InvestorQ : Why are active fund struggling to beat the Nifty and Sensex in the last few years?
vidhya Laxmi made post

Why are active fund struggling to beat the Nifty and Sensex in the last few years?

sarah Leo answered.
11 months ago

Globally, the active funds have always struggled to beat indices and that trend has been catching on in India also. According to the latest report by S&P Indices Versus Active Funds (SPIVA) for calendar 2021, more than 50% of the large-cap equity schemes in India underperformed S&P BSE 100 index. However, if a longer five year period of holding was considered then 82% of large-cap schemes underperformed the S&P BSE 100 index.

This is approximately true of ELSS schemes also wherein 27% of the plans underperformed over 1 year and 79% of the plans underperformed over 5 year period. The performance was slightly better in the case of mid and small sized schemes. In this case, the under-performance was 50% over a period of 1 year and approximately 58% underperformance over a period of 5 years calculated on CAGR. Both direct and regular plans are considered.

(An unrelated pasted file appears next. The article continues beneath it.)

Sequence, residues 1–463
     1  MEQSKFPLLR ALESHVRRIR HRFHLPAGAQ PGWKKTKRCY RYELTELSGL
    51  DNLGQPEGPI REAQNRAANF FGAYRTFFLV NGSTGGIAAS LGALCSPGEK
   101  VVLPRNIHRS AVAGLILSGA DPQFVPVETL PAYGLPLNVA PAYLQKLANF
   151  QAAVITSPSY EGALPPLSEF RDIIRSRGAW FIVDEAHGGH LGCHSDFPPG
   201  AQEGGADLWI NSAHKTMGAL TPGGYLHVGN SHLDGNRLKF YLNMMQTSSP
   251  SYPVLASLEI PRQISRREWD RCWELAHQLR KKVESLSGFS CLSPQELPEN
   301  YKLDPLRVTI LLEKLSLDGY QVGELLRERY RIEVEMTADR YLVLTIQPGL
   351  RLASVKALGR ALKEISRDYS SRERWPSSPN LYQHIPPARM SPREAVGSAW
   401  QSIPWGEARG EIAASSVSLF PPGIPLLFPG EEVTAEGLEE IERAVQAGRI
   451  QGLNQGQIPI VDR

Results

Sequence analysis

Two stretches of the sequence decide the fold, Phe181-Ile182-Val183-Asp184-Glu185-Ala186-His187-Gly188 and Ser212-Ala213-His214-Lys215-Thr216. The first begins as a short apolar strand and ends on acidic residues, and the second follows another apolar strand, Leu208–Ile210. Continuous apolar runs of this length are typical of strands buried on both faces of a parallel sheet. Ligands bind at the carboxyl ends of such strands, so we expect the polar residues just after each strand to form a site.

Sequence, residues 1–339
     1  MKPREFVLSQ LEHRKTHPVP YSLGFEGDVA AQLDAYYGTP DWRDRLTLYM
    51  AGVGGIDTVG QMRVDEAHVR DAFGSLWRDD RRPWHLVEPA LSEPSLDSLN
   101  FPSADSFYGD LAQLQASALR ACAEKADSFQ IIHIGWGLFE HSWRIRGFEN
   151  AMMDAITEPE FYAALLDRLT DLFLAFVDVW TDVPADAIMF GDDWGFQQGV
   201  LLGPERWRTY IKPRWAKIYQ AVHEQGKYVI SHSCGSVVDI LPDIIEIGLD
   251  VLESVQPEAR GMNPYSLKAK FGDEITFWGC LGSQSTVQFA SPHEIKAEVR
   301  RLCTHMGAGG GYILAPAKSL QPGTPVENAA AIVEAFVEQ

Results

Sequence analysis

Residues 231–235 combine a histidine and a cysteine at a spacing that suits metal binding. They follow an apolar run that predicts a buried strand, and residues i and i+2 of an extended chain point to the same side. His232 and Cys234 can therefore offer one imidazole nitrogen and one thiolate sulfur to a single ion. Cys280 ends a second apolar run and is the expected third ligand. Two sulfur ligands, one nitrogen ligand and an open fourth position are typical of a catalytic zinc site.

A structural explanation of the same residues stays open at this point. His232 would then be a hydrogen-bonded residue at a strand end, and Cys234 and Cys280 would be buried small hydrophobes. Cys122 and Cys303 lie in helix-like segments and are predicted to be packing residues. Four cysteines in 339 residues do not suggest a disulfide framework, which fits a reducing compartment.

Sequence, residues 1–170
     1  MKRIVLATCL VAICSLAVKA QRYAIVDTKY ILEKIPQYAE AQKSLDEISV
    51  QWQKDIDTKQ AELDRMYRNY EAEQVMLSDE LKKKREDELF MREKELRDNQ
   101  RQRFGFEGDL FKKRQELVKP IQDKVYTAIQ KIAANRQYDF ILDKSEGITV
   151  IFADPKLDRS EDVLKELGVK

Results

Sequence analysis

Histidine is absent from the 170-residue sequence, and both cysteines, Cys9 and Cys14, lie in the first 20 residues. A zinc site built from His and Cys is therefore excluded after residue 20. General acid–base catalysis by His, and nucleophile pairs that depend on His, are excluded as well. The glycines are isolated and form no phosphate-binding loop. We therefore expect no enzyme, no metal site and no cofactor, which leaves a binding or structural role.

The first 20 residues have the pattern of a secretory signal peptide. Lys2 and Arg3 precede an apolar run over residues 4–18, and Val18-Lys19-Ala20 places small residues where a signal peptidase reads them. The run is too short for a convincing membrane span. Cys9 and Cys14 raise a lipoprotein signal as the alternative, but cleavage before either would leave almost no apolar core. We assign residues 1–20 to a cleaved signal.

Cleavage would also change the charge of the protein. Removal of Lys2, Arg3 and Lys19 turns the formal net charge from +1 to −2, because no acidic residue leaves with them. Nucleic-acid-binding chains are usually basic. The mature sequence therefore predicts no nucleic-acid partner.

The good news is that the outperformance statistics for 2021 is slightly better than 2020, but that could also be because one was a volatile pandemic year and hence not strictly comparable on an apples to apples basis. However, the global head of index investment strategy at S&P Dow Jones Indices has highlighted that this only goes to show how difficult it is for large cap active funds to beat the index and for investors to select the leaders.

This has had an obviously fallout as has been seen in the US. For instance, as active manager outperformance has gone down, the number of converts to passive investing is on the rise. In India, the AUM of hybrid funds and passive funds put together account for 27.5% of the total AUM of the mutual fund industry. One reason could be that in last five years only a handful of stocks have done well and mutual funds have ceilings on a per stock basis.

However, financial advisors continue to give a very macro theory that ultimately the asset allocation or the choice of asset classes eventually impact portfolio returns. This may not be true in the short term but it is especially true over the long term. However, one way to overcome this is to adopt the systematic investment plan (SIP) approach, which automatically neutralizes a lot of the volatility with its phased approach.